Because… Why, is the shortest question to find an answer.  When you are not sure of what to ask or where to start, the beginning is always ‘Why?’ Why is this the way it is? Why is this not done differently?  And my favorite from every three-year-old, why is the sky blue?

It is no mistake that the curiosity of the very young mind starts with this three-letter word.  And such usage must ask for the top tier of knowledge.  What’s more, there is a substantial likelihood that your tot is asking the exact same questions that you asked when you were their age.  The same ones your parents asked their mom and dad.

Imagine if you had a real answer ready to go in return.  ‘Timmy, the sky is blue because that is the color reflected from the oceans around the world.’  The next time the same query is asked, you can say, “Remember, Timmy, it is because of the reflections of the ocean into the sky.”

Does this take a little legwork? Sure.  Yet every time you answer a question with real information, does that not make everyone just a little bit smarter?

Smarter, at a younger age, appears to open the way to better questions.  If you are hit with a subject you are not sure of, you can say, “that is a wonderful question.  Would you like to see how we find the answers?” Then you could take them to the library, look up the answer on your tablet or smartphone, or use some other method to find facts about the subject.  Even YouTube is getting better at this.

The more a child realizes that he or she is taken seriously, and real facts can be found, the faster real learning starts.  The answers are relevant both to knowledge and better future questions.  Does this mean your kid will be an Einstein by age 12? Probably not.  Yet even if the queries are short-lived, the way you answer could make a valuable and lasting memory.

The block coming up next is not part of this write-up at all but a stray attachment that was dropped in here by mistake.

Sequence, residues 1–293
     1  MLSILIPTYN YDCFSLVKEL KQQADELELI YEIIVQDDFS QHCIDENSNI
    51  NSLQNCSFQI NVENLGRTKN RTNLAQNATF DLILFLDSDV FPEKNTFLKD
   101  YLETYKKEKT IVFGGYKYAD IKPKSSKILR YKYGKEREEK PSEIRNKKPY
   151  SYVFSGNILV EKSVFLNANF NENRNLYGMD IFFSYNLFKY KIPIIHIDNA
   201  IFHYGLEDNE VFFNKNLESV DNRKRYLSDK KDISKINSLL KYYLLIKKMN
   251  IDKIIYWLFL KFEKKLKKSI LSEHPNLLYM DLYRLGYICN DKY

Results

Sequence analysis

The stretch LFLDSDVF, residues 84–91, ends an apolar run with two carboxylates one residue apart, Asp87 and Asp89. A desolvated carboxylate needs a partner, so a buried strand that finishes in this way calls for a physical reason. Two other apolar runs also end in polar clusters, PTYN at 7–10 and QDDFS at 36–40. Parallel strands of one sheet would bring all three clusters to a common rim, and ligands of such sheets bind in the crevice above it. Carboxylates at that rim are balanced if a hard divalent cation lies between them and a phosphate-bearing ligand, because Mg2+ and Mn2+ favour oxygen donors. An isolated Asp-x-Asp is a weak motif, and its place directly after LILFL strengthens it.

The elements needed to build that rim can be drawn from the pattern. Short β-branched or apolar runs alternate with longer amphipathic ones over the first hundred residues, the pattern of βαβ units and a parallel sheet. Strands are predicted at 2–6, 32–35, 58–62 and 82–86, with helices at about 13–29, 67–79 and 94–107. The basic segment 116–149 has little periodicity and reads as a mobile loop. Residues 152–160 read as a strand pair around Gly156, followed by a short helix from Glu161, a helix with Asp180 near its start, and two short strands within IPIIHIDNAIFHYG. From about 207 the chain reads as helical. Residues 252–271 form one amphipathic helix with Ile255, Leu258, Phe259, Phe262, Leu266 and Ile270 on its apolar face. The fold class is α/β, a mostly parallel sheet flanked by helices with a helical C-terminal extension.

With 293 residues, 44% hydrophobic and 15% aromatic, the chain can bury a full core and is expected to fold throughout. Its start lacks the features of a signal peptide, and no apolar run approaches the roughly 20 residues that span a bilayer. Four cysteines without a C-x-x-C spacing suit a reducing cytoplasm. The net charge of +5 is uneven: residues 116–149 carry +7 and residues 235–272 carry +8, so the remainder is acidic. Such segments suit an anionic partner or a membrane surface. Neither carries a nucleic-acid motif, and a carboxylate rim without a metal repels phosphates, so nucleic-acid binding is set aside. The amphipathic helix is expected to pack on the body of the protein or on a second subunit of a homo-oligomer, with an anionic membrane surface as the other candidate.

Thank you for being with me today.  I hope to be with you again tomorrow.

Author: Mike Balof

A retired Air Force Master Sergeant, Mike used to lay in bed at night and worry about what would happen if his plant closed or found himself without a job. One day his plant closed. Rather than panic and hysteria (OK, maybe a little) Mike found himself carried away on the adventure of his life. Mike started with the best job he ever had working at Home Depot. He spent 8 years working with job seekers at a local workforce center, helping them to find employment. He then started his own company developing courses, writing books and urging others to follow their own paths into the future. Mike holds a Master of Arts in Adult Education and Training and a Bachelor of Business Management, earned through the University of Phoenix and an AAS degree in Electronics Systems Technology from the Community College of the Air Force. Mike is a member of the Delta Mu Delta Business Honor Society.

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